> > > > > *merely* a P: it can still be the 'infinite everything'. There
                              > is no
                              > > > > > absolute difference from, say, a *Christian* claim: only a
                              > > > *relative*
                              > > > > > difference, a difference in *plausibility*. It is based only on
                              > > > one's
                              > > > > > own experience and reasoning, not on any *belief*, any
                              > 'revelation'.
                              > > > > > >
                              > > > > > >
                              > > > > > >
                              > > > > > > --- In human_superhuman@yahoogroups.com, "Moody" moodylawless@
                              > > > wrote:
                              > > > > > > >
                              > > > > > > >
                              > > > > > > > Even if the claim that "the world is will to power and
                              > nothing
                              > > > else
                              > > > > > > > besides" is considered to be an undogmatic, uncertain
                              > > > hypothesis, it
                              > > > > > > > still cannot be considered a Perspectival claim for the
                              > reasons
                              > > > I
                              > > > > > state
                              > > > > > > > below.
                              > > > > > > >
                              > > > > > > > So the only way to get around this is to suggest that the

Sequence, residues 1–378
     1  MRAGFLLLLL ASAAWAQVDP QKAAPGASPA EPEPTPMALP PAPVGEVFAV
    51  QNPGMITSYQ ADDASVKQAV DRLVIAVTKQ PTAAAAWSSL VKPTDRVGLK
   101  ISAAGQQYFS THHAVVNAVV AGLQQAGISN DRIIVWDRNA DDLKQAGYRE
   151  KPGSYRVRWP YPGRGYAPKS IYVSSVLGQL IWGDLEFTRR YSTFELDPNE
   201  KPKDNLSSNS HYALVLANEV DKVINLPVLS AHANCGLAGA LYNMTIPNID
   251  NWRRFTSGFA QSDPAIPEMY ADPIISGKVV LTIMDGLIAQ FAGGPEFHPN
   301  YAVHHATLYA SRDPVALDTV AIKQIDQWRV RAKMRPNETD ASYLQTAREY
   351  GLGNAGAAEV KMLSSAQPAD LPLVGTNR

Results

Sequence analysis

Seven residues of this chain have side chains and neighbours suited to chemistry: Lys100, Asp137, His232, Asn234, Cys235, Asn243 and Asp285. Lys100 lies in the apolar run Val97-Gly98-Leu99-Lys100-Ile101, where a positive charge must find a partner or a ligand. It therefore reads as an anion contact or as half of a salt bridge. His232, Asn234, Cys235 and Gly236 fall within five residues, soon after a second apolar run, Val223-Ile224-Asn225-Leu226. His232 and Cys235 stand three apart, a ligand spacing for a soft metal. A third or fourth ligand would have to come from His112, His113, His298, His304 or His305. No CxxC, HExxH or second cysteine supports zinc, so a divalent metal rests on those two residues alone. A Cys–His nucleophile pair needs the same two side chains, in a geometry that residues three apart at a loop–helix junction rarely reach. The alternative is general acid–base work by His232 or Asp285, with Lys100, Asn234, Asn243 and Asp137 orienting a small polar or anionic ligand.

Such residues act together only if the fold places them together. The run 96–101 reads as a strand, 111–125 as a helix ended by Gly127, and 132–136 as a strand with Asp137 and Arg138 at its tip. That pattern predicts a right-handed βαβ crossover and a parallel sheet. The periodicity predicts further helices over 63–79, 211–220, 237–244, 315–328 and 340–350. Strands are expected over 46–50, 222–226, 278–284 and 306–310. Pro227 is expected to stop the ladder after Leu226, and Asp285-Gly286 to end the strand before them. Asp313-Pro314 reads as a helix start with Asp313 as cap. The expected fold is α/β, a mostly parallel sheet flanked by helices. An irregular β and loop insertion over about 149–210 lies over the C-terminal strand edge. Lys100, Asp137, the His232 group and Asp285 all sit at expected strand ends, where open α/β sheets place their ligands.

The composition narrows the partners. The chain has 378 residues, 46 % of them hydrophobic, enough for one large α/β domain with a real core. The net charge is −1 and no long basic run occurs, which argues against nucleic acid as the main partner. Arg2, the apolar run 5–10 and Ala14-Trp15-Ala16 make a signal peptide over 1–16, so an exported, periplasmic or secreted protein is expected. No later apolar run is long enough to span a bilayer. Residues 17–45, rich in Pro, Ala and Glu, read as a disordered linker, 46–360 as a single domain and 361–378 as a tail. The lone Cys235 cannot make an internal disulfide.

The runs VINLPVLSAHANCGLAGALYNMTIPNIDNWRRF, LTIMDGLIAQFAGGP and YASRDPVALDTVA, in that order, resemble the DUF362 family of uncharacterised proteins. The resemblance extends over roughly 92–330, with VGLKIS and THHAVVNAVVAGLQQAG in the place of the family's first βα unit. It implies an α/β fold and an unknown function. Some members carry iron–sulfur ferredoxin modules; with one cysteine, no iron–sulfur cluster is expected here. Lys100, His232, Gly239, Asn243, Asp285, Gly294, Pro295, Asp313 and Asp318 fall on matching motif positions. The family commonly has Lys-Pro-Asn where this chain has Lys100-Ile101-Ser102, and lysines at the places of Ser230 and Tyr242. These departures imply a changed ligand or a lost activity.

> will
                              > > > to
                              > > > > > power
                              > > > > > > > is a Perspectival claim - but this meets the objections I
                              > have
                              > > > > > already
                              > > > > > > > made.
                              > > > > > > >
                              > > > > > > > Therefore the problem remains unresolvable in my view; - but
                              > > > then
                              > > > > > > > Nietzsche's philosophy is full of such contradictions.
                              > > > > > > >
                              > > > > > > >
                              > > > > > > > --- In human_superhuman@yahoogroups.com, "Sauwelios"
                              > > > <sauwelios@>
                              > > > > > > > wrote:
                              > > > > > > > >
                              > > > > > > > > I agree, but I think what you say about archai only
                              > applies to